A Steelers fan walks in a player's shoes

Justin K. Aller

Steelers players are beloved by fans...until they aren't. Keeping in mind the human aspect of the game itself, the NFL carries with it the expectation each of these players will eventually be told they are no longer needed.

Hines Ward was a hero to many in Steeler Nation, until he couldn't perform as he once did, and then voices were raised calling for his replacement. Ike Taylor has been the Steelers’ number one corner, until he couldn't perform as he once did, and now voices are rising calling for his replacement.

Aaron Smith was the ultimate team player and "Quiet Man" who garnered little national attention and even many in Steeler Nation couldn't always identify him without a roster, and yet over a twelve year career, Smith became one of the greatest 3-4 defensive linemen in the game.  Had he not voluntarily retired himself, the Steelers most likely would have had to cut him.  Same with Chris HokeJames Farrior was the brains and determination behind many a Steel Curtain defense, yet in his last full season voices were raised loud and plentiful that he should be benched or cut because he couldn't cover across the middle like he once did.

We as fans of football take great pride in our teams; we identify with a team for a multitude of reasons, stemming from geographic location to its personality and character.  We define ourselves as "true fans" when we stay loyal to the team during its down years, and pump out our chests with pride when "we" win a Super Bowl.

Many in Steeler Nation latch onto certain players early in their careers.  Isaac Redman was the darling of the Nation for nothing more than his training camp success crossing the goal line, yet year after year during his brief career he had his advocates cheering loudly and there was even a running joke of his prowess paralleling that of "the most interesting man in the world".  Yet as a professional football player, Redman accomplished very little on the field, but he was a fan favorite...until he wasn't.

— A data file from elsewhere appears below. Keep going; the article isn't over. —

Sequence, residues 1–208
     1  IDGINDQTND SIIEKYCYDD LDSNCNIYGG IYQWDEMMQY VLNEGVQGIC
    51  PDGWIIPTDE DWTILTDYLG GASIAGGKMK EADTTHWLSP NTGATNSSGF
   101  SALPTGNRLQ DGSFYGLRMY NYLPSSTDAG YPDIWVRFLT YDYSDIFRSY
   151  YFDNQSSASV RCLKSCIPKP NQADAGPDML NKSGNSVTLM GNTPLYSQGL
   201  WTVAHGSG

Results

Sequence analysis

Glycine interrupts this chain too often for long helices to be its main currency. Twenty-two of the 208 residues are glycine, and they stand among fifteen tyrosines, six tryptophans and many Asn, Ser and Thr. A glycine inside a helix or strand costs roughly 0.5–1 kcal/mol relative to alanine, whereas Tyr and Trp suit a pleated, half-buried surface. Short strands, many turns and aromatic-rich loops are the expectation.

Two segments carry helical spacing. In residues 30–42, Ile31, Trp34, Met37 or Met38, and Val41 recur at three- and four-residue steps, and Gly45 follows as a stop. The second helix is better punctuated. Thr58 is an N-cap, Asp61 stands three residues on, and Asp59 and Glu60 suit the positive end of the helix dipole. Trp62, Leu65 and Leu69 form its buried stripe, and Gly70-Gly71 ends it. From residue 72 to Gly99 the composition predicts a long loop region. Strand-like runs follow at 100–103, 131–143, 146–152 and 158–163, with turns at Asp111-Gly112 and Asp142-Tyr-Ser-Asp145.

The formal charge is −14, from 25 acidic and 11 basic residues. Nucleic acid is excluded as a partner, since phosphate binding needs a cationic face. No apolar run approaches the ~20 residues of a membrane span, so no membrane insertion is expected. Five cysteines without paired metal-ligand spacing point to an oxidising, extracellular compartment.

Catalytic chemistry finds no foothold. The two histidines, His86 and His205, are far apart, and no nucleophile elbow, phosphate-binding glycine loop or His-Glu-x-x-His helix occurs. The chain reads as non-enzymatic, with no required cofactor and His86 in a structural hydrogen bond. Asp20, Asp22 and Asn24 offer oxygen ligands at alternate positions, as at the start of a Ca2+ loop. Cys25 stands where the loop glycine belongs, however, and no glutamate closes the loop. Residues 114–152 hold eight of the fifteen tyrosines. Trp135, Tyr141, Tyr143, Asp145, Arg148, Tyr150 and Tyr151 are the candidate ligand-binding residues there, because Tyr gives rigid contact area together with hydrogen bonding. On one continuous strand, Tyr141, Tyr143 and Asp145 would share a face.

What seems to get lost in the euphoria of a football season is that these players are men who struggle to retain their jobs in a cutthroat environment where they are not only battling other players on their team and the risk of injury at the hands of their opponents, but also the inevitable mutiny of their own bodies, and the inexorable diminishment of their abilities at the hands of time.

We cheer ourselves hoarse for that cornerback who lays devastating hits on running backs at the line of scrimmage or easily shuts down marquee receivers almost effortlessly; we point to him as the avatar of our team and by adjunct ourselves, when we gather with friends at bars or opposing stadiums.  He is the "face of our franchise", that golden boy who by sheer will and determination, and by the grace of the innate physical abilities he was born with, leads our team to success from which we bask in the light of their achievement.

That is, we do until he begins to lose a step.  Then he gradually (or not so gradually) becomes an impediment to that glory in which we revel to bask; he's too old, too slow, gotten fat and lazy from his last mega-contract.  And so, with the freedom that we all claim as fans, and the anonymity of the internet which allows us to voice what we otherwise would hesitate to say in public, there arises call after call for the bum to be benched, or traded, or summarily cut; his character is questioned and maligned.

These men who once we adored and deified as gods of the gridiron, now face mortality and with it derision from the very fans who once held them so high.  We console ourselves by saying that they never read the blog sites from which such calls for their termination, so we feel free to disregard their basic humanity and turn them into mere machine parts to be discarded and replaced with shiny new parts that make the machine that is our team run smooth again.

Numerous words have been written about the dangers of video games; how they desensitize our youth with repeated scenes of violence and gore.  What about the desensitization that goes on in the blogosphere where the value of human beings is turned into a commodity to be bought and sold and traded with no regard for the human being underneath the uniform?  What about the desensitization that goes on when year after year, player after player, we hold judgment of a man's profession on a knife's edge; one blown play or one mere hint of a diminishment of ability to cover down field or get into the backfield and the calls begin to draft a replacement, sign a better guy off the waiver wire, or hit the free agent market and throw unheard of sums of money to someone else to do the same job.